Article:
America’s Laws Against Gambling And Sports Betting
When discussing legal online sports betting, the majority of America's government has a very regressive, prohibition-style attitude towards it, buying into a negative perspective concerning the morality of gambling entertainment. This is what has led to a variety of state gambling laws in the past.
There are no US federal laws that make it a crime for Americans to place bets at offshore sportsbooks that are operating legally within the industry. There are two states that legally prohibit all online gambling, domestic or offshore, leaving residents in Washington without legally sanctioned online betting options, though they have yet to start enforcing those restrictions.
For the most part, state lawmakers are becoming more progressive concerning betting entertainment and recognize the value that this type of revenue stream can bring to a state. Individual states are actively analyzing what the legalization of domestic sports gambling can provide them with in terms of opportunities, tourism, and tax revenue, and many have already taken action one way or the other through new legislation.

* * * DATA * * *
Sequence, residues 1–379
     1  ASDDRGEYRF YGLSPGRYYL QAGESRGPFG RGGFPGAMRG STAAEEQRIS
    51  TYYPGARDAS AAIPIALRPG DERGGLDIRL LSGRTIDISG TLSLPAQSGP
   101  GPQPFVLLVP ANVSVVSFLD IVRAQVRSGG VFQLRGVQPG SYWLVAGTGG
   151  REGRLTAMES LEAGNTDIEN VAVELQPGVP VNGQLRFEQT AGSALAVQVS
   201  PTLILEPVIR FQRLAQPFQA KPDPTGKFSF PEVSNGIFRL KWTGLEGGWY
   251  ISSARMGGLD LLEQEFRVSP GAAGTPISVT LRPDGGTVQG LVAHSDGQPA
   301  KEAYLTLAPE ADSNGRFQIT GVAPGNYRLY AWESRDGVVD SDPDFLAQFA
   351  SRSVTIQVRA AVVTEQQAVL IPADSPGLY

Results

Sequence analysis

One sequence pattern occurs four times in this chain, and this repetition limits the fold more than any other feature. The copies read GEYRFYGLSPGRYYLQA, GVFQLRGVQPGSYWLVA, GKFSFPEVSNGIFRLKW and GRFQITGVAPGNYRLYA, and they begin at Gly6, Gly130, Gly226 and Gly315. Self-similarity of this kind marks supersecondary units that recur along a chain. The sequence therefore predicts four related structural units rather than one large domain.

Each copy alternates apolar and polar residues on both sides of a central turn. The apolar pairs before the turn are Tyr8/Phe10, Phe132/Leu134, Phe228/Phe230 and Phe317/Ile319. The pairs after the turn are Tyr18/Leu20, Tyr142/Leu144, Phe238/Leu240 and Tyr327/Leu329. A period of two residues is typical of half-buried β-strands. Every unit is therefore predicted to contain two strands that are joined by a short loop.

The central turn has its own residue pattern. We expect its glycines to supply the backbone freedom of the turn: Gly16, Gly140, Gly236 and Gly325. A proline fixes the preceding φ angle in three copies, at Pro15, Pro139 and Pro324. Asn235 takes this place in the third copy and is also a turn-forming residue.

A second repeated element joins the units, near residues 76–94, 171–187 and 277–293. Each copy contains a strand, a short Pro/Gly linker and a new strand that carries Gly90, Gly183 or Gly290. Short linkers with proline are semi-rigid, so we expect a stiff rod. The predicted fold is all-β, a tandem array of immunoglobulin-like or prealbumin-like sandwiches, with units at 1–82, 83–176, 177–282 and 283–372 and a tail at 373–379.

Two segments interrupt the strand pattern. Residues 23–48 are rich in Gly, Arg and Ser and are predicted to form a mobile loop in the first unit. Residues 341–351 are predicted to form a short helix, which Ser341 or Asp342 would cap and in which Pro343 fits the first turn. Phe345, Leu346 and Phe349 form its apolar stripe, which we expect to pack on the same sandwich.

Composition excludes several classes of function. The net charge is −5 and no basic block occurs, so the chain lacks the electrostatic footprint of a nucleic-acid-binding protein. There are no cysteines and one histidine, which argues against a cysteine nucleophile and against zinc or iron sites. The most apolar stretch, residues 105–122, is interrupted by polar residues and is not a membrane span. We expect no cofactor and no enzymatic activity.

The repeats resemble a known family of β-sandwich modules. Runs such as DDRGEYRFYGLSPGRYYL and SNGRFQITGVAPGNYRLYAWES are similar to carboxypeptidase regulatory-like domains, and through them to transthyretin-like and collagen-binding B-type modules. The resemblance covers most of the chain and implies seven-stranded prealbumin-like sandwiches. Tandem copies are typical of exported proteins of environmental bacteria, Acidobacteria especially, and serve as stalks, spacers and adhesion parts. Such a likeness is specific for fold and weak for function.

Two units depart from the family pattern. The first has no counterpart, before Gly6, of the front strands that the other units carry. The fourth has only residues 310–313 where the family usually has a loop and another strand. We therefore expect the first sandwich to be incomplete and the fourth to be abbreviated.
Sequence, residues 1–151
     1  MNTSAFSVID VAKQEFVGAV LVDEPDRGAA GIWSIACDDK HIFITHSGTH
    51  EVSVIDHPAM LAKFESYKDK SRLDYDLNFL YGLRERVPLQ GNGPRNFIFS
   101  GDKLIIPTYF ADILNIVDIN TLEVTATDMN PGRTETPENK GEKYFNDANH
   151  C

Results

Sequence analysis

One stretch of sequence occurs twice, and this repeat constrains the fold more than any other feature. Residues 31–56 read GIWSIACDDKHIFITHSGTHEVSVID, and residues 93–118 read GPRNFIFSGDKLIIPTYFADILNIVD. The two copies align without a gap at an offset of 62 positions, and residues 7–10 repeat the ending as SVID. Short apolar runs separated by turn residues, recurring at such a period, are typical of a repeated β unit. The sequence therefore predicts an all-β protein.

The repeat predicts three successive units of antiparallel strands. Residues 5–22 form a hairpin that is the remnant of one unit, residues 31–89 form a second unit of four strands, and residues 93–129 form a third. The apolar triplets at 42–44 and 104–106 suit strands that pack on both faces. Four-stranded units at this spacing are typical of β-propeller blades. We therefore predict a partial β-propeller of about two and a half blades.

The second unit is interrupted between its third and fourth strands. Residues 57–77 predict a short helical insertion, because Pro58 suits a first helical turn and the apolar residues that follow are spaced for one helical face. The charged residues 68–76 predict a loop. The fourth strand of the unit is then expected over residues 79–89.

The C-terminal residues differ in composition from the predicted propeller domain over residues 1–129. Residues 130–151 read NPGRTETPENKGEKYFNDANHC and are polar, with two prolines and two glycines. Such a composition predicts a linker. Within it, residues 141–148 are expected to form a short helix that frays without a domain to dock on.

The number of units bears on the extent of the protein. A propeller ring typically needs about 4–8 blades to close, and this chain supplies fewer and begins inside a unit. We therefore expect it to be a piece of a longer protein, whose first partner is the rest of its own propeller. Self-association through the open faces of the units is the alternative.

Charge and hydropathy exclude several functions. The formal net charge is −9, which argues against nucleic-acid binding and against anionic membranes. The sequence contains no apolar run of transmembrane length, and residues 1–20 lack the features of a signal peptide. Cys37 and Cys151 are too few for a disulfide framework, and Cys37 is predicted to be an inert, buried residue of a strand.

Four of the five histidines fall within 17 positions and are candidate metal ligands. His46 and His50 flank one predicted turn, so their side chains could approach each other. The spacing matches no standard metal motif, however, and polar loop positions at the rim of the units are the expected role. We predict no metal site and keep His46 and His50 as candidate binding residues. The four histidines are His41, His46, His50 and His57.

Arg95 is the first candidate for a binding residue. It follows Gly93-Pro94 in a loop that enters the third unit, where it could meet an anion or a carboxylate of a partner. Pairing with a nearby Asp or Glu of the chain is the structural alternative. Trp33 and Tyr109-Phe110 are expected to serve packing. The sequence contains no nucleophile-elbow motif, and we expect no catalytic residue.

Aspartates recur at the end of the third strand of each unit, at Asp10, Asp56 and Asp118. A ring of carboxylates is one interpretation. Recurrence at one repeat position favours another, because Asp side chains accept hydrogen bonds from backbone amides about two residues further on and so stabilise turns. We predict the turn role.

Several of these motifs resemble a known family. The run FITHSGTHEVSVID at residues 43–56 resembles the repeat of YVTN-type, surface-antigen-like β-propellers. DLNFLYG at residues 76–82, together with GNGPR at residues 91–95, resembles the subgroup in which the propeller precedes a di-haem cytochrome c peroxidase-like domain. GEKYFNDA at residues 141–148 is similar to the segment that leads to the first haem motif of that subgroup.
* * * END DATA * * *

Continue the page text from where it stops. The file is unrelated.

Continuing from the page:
Over 20 states currently permit state-regulated online sports gambling, with nearly two dozen additional states having launched land-based sportsbooks. Individual territories began embracing sports betting the moment that PASPA was ruled unconstitutional by the Supreme Court in the infamous NJ case, with multiple states having had their legislation ready and waiting should the ruling go in the Garden State's favor.
Below we'll take a look at the relevant US federal gambling laws, and explain how state gambling laws intersect with federal laws to impact online and brick-and-mortar sportsbook gambling, as well as what these laws have to say about the legal status of offshore sports betting entertainment.
The Federal Laws on the Books
The sections below will detail and explain how each major federal law affects domestic gambling opportunities in the US.
The Federal Wire Act